By Claus Hetting, Wi-Fi NOW CEO & Chairman
Note: This story has been updated with the latest test results as of September 20.
After some early confusion as to the details of how Apple’s iOS14 ‘Private Wi-Fi Address’ feature might work, testing of the actual iOS14 release has now confirmed what we suspected some weeks ago: No, the feature will not randomise the MAC addresses of your Wi-Fi devices (your iPhone for example) every 24 hours but it will scramble a few things for you and might make the life of Wi-Fi service providers mildly more difficult. Here’s the full story with thanks to Aptilo Networks for sharing their latest test results.
First Apple said they would introduce a 24-hour cycle for randomising device MAC (hardware) addresses, then they changed their minds. So what exactly is going on? We decided to ask our friends at Aptilo Networks to get us an update. They have now tested how the ‘Private Wi-Fi Address’ feature in iOS14 actually works based on the current iOS14 release.
“We initially thought that the MAC address of your Apple device would be randomised every 24 hours. This is what Apple said on their website. Fortunately, iOS14 doesn’t do that,” says Johan Terve, VP Marketing at Aptilo Networks. Instead Apple is randomising the MAC on a per-SSID basis, he says.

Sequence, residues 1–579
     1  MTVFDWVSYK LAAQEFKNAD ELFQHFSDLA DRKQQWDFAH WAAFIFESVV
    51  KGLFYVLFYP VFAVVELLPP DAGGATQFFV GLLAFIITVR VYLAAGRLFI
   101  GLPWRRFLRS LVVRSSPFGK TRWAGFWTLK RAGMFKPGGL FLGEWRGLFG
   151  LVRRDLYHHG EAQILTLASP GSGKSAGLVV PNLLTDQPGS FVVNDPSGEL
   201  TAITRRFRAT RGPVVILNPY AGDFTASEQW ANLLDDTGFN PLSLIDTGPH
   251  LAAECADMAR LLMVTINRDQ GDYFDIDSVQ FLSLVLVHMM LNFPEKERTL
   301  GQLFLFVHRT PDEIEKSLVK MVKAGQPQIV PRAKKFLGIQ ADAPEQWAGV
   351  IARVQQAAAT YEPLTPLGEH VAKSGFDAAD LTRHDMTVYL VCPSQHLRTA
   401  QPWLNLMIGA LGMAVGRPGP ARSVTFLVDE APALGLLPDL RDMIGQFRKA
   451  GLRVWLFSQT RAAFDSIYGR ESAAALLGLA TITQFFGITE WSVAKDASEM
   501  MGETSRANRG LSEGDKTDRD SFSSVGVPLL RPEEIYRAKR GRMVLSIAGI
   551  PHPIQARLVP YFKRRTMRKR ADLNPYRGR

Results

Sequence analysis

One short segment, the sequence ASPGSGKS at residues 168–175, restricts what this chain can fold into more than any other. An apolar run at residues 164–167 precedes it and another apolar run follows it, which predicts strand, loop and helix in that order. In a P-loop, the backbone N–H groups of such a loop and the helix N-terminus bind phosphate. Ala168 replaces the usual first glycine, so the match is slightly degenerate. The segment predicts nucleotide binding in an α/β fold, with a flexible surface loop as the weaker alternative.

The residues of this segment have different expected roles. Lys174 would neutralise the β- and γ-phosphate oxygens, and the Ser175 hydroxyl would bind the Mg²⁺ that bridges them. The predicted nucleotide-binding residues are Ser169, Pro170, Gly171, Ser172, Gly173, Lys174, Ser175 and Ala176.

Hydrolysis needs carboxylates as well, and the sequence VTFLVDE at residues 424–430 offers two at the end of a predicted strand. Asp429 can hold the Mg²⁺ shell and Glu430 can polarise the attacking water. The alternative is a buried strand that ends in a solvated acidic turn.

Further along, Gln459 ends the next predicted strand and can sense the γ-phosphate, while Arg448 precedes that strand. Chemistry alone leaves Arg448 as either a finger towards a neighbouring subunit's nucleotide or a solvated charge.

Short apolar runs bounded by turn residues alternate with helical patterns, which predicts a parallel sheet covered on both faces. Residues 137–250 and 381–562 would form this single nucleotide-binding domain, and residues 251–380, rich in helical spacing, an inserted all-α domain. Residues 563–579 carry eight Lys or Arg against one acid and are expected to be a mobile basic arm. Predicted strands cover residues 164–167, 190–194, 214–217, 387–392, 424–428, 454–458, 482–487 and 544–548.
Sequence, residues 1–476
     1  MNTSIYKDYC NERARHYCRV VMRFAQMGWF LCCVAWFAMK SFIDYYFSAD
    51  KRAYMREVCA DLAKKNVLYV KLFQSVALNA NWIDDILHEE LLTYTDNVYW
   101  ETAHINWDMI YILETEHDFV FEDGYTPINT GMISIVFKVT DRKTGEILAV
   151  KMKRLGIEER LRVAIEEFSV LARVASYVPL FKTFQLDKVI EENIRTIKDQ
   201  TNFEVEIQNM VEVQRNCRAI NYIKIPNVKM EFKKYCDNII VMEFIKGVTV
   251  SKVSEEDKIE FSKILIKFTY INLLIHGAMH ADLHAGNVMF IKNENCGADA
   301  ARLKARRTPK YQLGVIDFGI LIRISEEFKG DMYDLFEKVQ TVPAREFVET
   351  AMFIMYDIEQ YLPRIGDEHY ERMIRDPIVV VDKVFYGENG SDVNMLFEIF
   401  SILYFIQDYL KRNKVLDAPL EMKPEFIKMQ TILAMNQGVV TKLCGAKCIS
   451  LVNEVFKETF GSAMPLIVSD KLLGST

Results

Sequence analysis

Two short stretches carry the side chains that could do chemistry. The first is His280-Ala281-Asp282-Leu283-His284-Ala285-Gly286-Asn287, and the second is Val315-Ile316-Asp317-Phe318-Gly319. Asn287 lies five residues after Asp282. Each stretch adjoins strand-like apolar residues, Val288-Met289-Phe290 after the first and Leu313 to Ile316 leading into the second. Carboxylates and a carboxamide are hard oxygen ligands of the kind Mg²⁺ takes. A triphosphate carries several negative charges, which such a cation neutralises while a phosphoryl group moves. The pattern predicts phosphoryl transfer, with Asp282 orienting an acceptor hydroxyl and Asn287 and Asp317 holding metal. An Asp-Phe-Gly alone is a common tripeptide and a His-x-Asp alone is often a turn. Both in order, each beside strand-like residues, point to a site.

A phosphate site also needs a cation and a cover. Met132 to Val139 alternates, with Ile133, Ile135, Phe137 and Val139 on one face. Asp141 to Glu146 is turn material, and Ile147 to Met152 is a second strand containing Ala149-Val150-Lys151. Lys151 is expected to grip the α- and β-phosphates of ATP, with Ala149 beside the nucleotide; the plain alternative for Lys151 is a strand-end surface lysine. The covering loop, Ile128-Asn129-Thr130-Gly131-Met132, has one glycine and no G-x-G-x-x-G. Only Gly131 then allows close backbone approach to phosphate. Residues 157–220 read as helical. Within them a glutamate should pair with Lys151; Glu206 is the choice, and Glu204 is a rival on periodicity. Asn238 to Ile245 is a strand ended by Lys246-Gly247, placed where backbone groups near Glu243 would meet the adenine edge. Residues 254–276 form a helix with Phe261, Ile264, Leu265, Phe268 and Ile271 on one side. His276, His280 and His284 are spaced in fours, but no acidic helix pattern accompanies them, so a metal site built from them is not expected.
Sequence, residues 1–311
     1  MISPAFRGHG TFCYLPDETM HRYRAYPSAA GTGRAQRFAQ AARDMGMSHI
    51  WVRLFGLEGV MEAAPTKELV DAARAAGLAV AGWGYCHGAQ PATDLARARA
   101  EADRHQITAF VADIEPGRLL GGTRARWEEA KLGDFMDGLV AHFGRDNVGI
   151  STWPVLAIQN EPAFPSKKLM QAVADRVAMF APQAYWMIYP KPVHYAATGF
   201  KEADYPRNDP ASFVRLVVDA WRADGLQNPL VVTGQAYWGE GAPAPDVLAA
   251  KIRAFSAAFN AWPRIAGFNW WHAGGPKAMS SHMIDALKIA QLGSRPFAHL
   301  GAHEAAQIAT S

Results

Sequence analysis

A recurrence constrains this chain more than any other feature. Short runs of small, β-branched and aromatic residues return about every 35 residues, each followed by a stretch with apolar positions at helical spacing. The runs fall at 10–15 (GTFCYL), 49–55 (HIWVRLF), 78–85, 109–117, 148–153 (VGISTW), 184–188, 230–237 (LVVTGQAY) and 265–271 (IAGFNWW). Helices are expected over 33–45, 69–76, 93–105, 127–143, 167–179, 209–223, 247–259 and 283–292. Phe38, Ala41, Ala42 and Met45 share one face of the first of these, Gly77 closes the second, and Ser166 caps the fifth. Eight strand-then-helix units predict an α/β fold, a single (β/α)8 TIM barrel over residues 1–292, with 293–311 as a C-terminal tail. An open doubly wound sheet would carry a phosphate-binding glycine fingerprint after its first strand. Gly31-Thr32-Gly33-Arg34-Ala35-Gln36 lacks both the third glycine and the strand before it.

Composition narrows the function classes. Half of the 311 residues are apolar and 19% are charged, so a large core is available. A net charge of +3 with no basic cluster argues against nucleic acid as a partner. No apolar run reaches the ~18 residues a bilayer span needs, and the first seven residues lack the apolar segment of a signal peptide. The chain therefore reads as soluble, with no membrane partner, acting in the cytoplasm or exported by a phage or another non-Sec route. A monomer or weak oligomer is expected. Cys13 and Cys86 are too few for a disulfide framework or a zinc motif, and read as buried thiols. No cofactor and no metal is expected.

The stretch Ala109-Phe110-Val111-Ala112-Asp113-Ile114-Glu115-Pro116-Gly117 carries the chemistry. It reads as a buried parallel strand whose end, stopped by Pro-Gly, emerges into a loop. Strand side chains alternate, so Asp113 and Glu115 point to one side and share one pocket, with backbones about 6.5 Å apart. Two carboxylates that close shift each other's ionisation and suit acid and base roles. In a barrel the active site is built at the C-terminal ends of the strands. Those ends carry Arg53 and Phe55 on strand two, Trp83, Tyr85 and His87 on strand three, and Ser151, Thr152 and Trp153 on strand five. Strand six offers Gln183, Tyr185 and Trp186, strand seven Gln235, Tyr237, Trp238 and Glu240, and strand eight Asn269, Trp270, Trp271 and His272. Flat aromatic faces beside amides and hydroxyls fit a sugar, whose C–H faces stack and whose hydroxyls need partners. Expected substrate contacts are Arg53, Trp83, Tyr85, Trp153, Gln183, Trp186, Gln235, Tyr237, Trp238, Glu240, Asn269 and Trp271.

“Our tests show that for each Wi-Fi SSID – meaning each Wi-Fi network you connect to – your device will present a distinct randomised MAC address. The randomised MAC address for each network will not change over time, not even if you force the device to ‘forget’ the network, and then connect again,” Johan Terve says. He also says that toggling ‘Private Address’ on and off will indeed switch between the real MAC and the randomised MAC for that Wi-Fi network, but that the randomised MAC won’t change as a result of the toggle either.
‘Private Address’ is switched on as the default. But the resulting inconvenience is minor, Aptilo says. As a starting point the user experience will be the same as when logging onto a specific Wi-Fi network for the first time: A MAC-based account is created and from then on the user will auto-connect to that network using his or her MAC-based credentials.
“If users then toggle the privacy setting, the device will go back to the hardware MAC address, and they will then need to login again. This will create a new MAC account. So in the worst case the user will need to login to a Wi-Fi network twice using MAC-based authentication,” Johan Terve says.
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Aptilo believes that the only companies likely to suffer from the ‘Private Address’ feature are those who have made it their business to track users across different Wi-Fi networks. Meanwhile mobile device evolution is unquestionably trending towards features for stricter privacy, Johan Terve says.
“We can expect to see a stricter approach to privacy in the future. For now Apple seems to have gone with a milder version, which is welcomed by the Wi-Fi industry. And of course we now hope this version will find its way into the final release of iOS14,” he says.